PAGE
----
Pain that radiates from your lower (lumbar) spine to your buttock and down the back of your leg is the hallmark of sciatica. You might feel the discomfort almost anywhere along the nerve pathway, but it’s especially likely to follow a path from your low back to your buttock and the back of your thigh and calf.

The pain can vary widely, from a mild ache to a sharp, burning sensation or excruciating pain. Sometimes it can feel like a jolt or electric shock. It can be worse when you cough or sneeze, and prolonged sitting can aggravate symptoms. Usually only one side of your body is affected.

Some people also have numbness, tingling or muscle weakness in the affected leg or foot. You might have pain in one part of your leg and numbness in another part.

Read more at http://www.mayoclinic.org/diseases-conditions/sciatica/basics/definition/con-20026478

World Blood Donor Day

World-Blood-Donor-Day

 

The theme of this year’s World Blood Donor Day is “Blood connects us all”. It focuses on thanking blood donors and highlights the dimension of “sharing” and “connection” between blood donors and patients. In addition, the World Health Organization has adopted the slogan “Share life, give blood”, to draw attention to the roles that voluntary donation systems play in encouraging people to care for one another and promote community cohesion.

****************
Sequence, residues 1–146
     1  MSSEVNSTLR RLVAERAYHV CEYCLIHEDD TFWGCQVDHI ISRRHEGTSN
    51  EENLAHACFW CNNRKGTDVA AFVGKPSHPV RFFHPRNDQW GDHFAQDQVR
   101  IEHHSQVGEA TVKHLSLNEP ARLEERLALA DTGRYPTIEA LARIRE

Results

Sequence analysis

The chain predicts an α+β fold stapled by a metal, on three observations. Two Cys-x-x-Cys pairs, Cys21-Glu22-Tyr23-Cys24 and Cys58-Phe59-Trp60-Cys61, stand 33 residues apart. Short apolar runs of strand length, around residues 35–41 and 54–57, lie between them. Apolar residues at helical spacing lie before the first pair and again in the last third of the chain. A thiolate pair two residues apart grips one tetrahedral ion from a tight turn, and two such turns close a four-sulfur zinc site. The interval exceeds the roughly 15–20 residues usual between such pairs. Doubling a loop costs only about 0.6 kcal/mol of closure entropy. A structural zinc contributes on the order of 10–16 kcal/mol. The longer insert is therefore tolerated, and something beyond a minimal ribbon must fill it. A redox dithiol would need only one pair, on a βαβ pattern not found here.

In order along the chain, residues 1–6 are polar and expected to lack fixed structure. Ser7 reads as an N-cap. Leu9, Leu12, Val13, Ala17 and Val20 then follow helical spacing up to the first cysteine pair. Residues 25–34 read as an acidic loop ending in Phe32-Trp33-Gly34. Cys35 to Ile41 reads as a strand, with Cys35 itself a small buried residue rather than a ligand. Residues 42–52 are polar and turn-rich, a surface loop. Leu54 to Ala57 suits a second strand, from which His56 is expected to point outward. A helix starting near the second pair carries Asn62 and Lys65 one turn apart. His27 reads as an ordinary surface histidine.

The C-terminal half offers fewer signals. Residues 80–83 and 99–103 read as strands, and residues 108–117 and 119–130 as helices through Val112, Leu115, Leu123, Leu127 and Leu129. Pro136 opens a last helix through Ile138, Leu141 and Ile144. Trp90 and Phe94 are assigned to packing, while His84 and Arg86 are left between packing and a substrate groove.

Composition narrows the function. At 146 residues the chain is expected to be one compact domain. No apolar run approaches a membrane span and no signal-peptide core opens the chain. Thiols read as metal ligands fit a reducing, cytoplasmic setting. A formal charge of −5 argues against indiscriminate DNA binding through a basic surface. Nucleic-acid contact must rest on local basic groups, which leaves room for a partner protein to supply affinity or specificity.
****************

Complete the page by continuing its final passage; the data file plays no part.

36 hours is all it takes for your body to replace blood that you donate. Celebrate #WorldBloodDonorDay on Tuesday, June 14. Blood connects us all.

Find out how you can help here. http://curec.lk/21iWHSi

 

Polycystic Kidney Disease

normal-and-polycystic-kidneys

 

I’ve decided to add information about Polycystic Kidney Disease to this blog since my brother-in-law died from this last week.  My mother-in-law also had it and 3 of her children inherited this disease.

When I had my kidney cancer, I was surprised to learn that Polycystic Kidney Disease was a risk factor.

~~~

 

Polycystic kidney disease is a genetic disorder that causes numerous cysts to grow in the kidneys. A kidney cyst is an abnormal sac filled with fluid. PKD cysts can greatly enlarge the kidneys while replacing much of their normal structure, resulting in chronic kidney disease (CKD), which causes reduced kidney function over time. CKD may lead to kidney failure, described as end-stage kidney disease or ESRD when treated with a kidney transplant or blood-filtering treatments called dialysis. The two main types of PKD are autosomal dominant PKD and autosomal recessive PKD.

PKD cysts are different from the usually harmless “simple” cysts that often form in the kidneys later in life. PKD cysts are more numerous and cause complications, such as high blood pressure, cysts in the liver, and problems with blood vessels in the brain and heart.

Adapted from http://www.niddk.nih.gov/health-information/health-topics/kidney-disease/polycystic-kidney-disease-pkd/Pages/facts.aspx

More information to follow…